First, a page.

from the perspective of benefit and risk. Other information you’ll cover in the context
of training associated with Module 7 are: direct deposit and savings – in fact, there’s
a section in the toolkit in Module 7 about this; as well as bank and credit union insurance.
This is obviously included to help people understand that their money is safe and secure
in an institution that is insured either by the FDIC or the NCUA; as well as banking history
reports – a lot of people are familiar with “Chexsystems”, there are other banking history
reports and these can sometimes be a barrier to opening something like a savings account
at a bank or credit union. Now we’re going to move onto Module 8 which
is “Managing income and benefits.” In the training, you’ll actually kick off
this module with a discussion about income – regular income versus irregular income versus
seasonal income versus income that’s a one-time occurrence – much like the Earned Income Tax
Credit that we just talked about. You’ll also talk a little bit about benefits
and how they’re different from income but should be counted as a financial resource
coming into the household and something that should be planned with and budgeted for, as
well as wage garnishments. Wage garnishments are rights given to creditors, including the
U.S. government, to collect money directly out of someone’s paycheck. This can generally
only happen with a court order but there are some exceptions and you’ll use the information
that’s contained in the toolkit itself to explain wage garnishments to the case managers
that you’re training. The first tool that you’ll talk about, not
surprisingly, is something called an “income tracker.” And this is really just a way to
help people understand and categorize as well as document their income on a weekly basis
– not only from their job, which they probably are pretty clearly aware of, but other sources
of income that they may have. It’s pretty common in families with limited resources
that they have multiple sources of income and financial resources that make a patchwork
of income coming into the household. And this – the job of this tool – is really to sort
of break that out and help people understand when that income comes in and how much they
can expect from week to week. The next tool in this module is called “Increasing
cash and financial resources.” And rather than just presenting this tool, you’ll ask
the participants to analyze this tool in pairs. What you’ll ask them to do is circle those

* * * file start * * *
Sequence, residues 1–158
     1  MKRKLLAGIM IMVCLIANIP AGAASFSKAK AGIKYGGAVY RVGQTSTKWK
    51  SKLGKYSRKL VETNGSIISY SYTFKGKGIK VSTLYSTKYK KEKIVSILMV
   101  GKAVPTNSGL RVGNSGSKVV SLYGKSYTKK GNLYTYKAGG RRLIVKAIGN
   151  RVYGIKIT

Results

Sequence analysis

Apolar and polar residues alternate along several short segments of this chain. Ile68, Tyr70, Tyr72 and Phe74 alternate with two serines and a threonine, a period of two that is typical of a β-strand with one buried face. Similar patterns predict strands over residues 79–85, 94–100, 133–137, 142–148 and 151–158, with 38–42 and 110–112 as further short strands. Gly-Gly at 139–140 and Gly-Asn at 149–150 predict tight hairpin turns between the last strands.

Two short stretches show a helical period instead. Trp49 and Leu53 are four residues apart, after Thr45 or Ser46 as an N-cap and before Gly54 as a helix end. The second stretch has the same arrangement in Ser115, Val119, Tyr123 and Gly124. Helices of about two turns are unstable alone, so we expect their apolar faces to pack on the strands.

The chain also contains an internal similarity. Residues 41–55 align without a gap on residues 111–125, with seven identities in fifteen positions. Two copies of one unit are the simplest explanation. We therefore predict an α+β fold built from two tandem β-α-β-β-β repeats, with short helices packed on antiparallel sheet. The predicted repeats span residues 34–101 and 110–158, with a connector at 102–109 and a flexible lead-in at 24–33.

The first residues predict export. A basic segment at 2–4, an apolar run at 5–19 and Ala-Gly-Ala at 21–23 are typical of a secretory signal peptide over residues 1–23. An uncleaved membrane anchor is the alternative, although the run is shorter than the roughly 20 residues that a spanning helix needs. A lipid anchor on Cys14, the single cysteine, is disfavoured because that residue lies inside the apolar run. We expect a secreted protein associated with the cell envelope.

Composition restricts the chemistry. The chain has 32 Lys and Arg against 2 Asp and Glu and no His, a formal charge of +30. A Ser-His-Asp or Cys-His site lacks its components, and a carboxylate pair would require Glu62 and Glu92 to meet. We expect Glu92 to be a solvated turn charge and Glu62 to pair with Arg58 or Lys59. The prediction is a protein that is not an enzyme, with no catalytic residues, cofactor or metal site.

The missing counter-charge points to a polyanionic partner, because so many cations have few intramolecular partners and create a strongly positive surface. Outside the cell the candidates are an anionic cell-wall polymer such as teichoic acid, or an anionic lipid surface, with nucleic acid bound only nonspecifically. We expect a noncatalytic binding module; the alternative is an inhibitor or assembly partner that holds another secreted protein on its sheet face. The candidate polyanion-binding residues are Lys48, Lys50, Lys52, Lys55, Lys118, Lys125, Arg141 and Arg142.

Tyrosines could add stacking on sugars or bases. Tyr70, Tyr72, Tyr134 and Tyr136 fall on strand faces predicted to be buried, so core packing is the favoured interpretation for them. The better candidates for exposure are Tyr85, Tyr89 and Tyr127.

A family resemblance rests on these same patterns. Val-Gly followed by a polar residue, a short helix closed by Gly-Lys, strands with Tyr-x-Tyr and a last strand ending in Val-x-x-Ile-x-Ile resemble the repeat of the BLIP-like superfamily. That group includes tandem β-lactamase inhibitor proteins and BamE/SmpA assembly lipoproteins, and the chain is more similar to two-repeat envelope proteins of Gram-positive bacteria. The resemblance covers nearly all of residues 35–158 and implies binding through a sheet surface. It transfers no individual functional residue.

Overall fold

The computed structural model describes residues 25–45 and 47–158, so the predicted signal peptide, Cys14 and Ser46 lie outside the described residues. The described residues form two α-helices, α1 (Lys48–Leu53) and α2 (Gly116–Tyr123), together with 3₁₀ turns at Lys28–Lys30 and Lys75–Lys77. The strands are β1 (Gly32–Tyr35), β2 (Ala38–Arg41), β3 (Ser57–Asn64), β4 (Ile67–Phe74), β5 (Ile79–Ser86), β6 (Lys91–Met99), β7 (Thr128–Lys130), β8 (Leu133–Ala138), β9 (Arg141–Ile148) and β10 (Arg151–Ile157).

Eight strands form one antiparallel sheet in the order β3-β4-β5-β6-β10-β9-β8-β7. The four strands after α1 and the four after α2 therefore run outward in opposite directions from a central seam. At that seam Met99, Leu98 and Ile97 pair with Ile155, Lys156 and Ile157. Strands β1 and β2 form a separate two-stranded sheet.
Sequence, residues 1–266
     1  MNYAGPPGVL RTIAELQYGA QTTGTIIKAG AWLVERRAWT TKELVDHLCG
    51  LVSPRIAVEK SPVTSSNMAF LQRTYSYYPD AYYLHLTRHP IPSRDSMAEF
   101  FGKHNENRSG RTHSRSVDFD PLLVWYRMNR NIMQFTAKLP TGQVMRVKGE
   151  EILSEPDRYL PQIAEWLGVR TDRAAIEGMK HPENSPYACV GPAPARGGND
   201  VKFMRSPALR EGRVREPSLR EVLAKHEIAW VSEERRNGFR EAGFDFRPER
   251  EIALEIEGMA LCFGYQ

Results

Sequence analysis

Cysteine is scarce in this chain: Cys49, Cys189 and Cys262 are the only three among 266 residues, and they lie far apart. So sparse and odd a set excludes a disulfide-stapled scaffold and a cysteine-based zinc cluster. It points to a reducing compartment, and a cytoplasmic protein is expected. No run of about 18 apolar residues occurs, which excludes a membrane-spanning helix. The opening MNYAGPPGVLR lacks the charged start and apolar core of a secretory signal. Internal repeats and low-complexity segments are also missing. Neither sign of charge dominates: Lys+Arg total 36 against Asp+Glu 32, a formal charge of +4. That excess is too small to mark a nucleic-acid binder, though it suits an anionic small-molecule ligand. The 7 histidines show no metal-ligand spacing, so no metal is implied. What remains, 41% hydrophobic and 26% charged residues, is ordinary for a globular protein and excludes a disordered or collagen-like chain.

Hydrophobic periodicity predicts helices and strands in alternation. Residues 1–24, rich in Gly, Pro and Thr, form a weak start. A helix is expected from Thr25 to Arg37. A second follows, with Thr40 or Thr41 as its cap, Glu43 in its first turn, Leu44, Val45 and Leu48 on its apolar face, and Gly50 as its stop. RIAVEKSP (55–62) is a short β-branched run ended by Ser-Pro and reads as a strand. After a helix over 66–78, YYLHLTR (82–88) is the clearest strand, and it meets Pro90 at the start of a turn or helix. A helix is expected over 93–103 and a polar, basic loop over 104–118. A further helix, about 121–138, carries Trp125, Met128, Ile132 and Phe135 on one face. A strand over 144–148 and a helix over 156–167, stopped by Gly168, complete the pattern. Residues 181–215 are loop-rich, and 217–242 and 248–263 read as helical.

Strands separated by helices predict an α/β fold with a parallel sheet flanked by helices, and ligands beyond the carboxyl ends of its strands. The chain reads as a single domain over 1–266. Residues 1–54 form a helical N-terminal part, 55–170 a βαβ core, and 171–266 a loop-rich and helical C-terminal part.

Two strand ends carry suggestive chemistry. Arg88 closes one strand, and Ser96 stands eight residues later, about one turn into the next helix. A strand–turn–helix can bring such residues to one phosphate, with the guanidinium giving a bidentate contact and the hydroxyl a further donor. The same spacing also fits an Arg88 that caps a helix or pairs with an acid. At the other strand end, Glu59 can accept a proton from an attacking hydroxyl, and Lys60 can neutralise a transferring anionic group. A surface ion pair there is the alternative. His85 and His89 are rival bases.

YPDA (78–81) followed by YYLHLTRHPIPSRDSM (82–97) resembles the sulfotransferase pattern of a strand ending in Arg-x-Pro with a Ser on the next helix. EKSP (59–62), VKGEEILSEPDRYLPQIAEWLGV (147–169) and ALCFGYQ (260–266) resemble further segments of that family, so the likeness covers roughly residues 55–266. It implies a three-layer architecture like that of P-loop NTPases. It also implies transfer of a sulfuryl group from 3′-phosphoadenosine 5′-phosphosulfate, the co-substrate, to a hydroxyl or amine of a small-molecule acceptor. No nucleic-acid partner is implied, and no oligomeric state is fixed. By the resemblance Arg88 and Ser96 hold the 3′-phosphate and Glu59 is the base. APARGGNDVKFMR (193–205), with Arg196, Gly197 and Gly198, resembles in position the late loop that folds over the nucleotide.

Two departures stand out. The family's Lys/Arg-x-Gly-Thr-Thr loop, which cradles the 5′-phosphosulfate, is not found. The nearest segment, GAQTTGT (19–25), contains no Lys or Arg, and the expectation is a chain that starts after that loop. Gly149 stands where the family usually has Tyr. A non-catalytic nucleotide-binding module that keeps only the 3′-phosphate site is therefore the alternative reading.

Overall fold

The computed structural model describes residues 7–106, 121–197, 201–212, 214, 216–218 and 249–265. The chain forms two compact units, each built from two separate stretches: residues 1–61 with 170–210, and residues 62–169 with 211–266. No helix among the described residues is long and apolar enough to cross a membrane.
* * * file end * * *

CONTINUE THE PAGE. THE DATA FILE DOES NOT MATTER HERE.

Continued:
strategies that they think are potentially feasible for their clients; identify strategies
that are missing; as well as think about strategies that are listed that may not be feasible for
their clients. It’s important to acknowledge that some strategies may not be applicable
for the people that they serve and to focus on those that may be feasible for the clients
that they serve. Here you can actually see an excerpt from
tool number 2: “Increasing cash and financial resources.” And this is again, just an excerpt
so there’s a lot more to this tool. For example, there are one-time activities listed, such
as holding a yard sale or garage sale or selling items online or claiming tax credits. There
are examples of ways to increase regular income, such as seeking a raise or additional hours
at a current job or seeking opportunities for training or education that would increase
wages at [a] current job. And so on. The next tool or “Tool 3” actually is called
“Understanding the risks and benefits of cash, paychecks, direct deposit, payroll cards,
and EBT.” And it really looks at the different risks and benefits associated with the different
ways that someone can receive income. Here’s an excerpt of that tool and you can
see “cash” is actually the example. So the definition of cash is included as well as
the benefits associated with it. It’s accepted everywhere and its not subject to garnishment
or other collection – as well as the risks – it could be lost or stolen, some find it
easier to spend cash when they have cash in hand, it’s more difficult to track for personal
budgeting or tax purposes and not all bill payments can be made in cash. And the thing that really makes it a tool,
besides the simplicity of the information and its accessibility is the check boxes:
“This is a good option for me. And where can I get more information?” or “This is not a
good option for me.” The next module is Module 9: “Paying bills
and other expenses.” Module 9 actually begins with that “vote with
your body” exercise that we talked about in the last webinar. To begin with, you’ll actually
define what spending is and then differentiate “needs,” “wants,” and “obligations.” Prior
to this actual section of the training, you’re going to hang up three signs around the room.
You’re going to want them close but not too close. One sign will say “Need,” one sign
will say “Want,” and one sign will say “Obligation.” And then, you’re going to actually read off
a list of different things that people could spend their money on such as paper towels
or a cell phone with data plan or getting your hair cut professionally. And after each
example of an expense that you read, you’ll ask people to go and stand underneath whether
or not they believe that that is a “need,” “want,” or “obligation.” And then you’ll facilitate a discussion because
people will be split on some things. Some people will see, for example, paper towels
as a need, others will see it as a want. And then the purpose of the discussion is really
to help case managers understand the point very clearly that needs and wants are subjective
to a certain extent. And because this is a financial empowerment curriculum, we want
to honor those things that sometimes people identify as needs even if, from where we sit,
they may not be. The first tool in this module is the spending
tracker. What you see before you is a list of the categories used in this tool. (It’s